Source: http://www.safeworkaustralia.gov.au/sites/swa/about/publications/pages/sources-of-whs-info

La souffrance psychique en lien avec le travail chez les salariés actifs en France entre 2007 et 2012

Introduction: La souffrance psychique en lien avec le travail prend de plus en plus d'importance dans les pathologies d'origine professionnelle. Or, celle-ci ne figure dans aucun tableau de maladie professionnelle reconnue par les différents régimes de sécurité sociale.
Méthode: À partir des données issues du Programme de surveillance des maladies à caractère professionnel (MCP), les taux annuels de prévalence de la souffrance psychique en lien avec le travail ont été calculés pour la période 2007 à 2012. Des régressions logistiques univariées et multivariées ont été réalisées pour tester l'association entre la souffrance psychique en lien avec le travail et l'âge, la catégorie sociale et le secteur d'activité.
Résultats: Le taux de prévalence de la souffrance psychique liée au travail était 2 fois plus élevé chez les femmes que chez les hommes, quelle que soit l'année (3,1% chez les femmes contre 1,4% chez les hommes en 2012). Ce taux a augmenté sur la période 2007-2012, aussi bien chez les femmes que chez les hommes. L'âge et la catégorie sociale étaient fortement associés à la souffrance psychique, contrairement au secteur d'activité.
Discussion-conclusion: L'augmentation des taux de prévalence de la souffrance psychique en lien avec le travail sur la période 2007-2012 s'accompagne d'une dégradation constatée des conditions de travail et d'une médiatisation croissante de cette problématique. Les secteurs d'activité semblent impactés par la souffrance psychique au travers de leur pyramide sociodémographique.

Source: http://www.invs.sante.fr/beh/2015/23/2015_23_2.html

Employer downsizing and older workers’ health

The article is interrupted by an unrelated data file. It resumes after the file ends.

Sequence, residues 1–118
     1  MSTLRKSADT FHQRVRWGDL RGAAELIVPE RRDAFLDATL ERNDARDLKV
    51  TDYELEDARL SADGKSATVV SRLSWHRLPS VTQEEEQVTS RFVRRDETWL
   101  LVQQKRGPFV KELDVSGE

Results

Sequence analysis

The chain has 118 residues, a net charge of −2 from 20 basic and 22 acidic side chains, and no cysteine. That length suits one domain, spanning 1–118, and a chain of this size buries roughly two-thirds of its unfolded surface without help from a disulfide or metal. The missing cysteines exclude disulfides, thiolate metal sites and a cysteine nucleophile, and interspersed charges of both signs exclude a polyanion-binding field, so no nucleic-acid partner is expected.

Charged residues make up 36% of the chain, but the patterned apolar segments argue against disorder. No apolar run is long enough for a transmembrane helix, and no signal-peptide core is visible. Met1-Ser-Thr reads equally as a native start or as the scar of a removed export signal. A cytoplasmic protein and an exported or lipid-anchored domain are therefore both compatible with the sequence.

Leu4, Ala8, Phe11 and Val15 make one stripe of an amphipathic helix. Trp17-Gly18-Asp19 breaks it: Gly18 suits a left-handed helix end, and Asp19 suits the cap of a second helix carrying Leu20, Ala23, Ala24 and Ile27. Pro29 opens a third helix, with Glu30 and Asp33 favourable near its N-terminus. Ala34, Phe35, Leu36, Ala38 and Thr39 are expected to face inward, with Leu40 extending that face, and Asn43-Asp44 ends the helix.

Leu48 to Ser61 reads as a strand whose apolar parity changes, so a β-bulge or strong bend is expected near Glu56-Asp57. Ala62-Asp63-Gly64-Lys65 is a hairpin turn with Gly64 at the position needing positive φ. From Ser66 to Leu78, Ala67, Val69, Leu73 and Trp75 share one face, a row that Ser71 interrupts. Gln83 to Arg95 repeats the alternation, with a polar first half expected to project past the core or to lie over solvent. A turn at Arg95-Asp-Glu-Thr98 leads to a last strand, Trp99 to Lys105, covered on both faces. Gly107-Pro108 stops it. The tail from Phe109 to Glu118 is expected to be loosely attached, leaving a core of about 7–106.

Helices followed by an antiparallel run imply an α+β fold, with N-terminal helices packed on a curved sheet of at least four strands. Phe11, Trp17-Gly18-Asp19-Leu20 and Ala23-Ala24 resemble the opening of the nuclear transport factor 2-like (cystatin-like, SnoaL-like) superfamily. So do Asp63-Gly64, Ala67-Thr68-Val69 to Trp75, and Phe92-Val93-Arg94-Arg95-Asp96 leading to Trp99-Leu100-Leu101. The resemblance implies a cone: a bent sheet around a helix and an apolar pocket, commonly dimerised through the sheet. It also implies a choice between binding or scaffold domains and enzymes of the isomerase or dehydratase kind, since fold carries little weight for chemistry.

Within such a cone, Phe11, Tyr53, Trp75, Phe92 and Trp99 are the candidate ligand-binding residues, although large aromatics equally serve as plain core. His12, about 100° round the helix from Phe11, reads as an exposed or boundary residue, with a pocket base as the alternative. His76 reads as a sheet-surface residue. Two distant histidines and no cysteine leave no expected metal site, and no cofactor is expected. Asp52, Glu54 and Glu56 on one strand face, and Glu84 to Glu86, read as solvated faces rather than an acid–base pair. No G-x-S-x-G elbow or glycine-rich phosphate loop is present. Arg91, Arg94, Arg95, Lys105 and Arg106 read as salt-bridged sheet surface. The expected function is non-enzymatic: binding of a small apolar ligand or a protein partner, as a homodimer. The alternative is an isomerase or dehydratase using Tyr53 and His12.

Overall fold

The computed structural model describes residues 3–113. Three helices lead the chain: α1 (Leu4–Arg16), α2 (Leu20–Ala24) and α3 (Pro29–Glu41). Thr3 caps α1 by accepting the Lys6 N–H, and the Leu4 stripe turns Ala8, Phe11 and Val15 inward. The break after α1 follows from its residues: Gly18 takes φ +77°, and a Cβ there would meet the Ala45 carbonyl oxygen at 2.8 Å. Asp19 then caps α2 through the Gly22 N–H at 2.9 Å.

We estimate the effect of employer downsizing on older workers' health outcomes using different approaches to control for endogeneity and sample selection. With the exception of the insrumental variables approach, wich provides large imprecise estimates, our results suggest that employer downsizing increases the probability that older workers rate their health as fair or poor; increases the risk of showing symptoms of clinical depression; and increases the risk of being diagnosed with stroke, arthritis, and psychiatric or emotional problems. We find weaker evidence that downsizing increases the risk of showing high levels of C-reactive protein (CRP), a measure of general inflammation. We find that downsizing affects health by increasing job insecurity and stress, but that its effects remain statistically significant after controlling for these pathways, suggesting that other mechanisms such as diminished moral and general demotivation also affect worker health. Our findings suggest that employers ought to consider action to offset the detrimental health effects of reducing personnel on their remaining (older) workers.

Source: http://www.cirano.qc.ca/files/publications/2015s-34.pdf

The Impact of Domestic Violence in the Workplace

Results From a Pan-Canadian Survey
Objective: When workers experience domestic violence (DV) at home, impacts are felt in the workplace; however, little research is available on this topic.
Methods: We conducted an online survey regarding the impacts of DV at work.
Results: A total of 8429 people completed the survey. More than a third of respondents reported experiencing DV; among them, more than a third reported that DV affected their ability to get to work, and more than half reported that it continued at or near work. Most reported that DV negatively affected their performance. Almost all respondents, regardless of DV experience, believed that it impacts victims' work lives.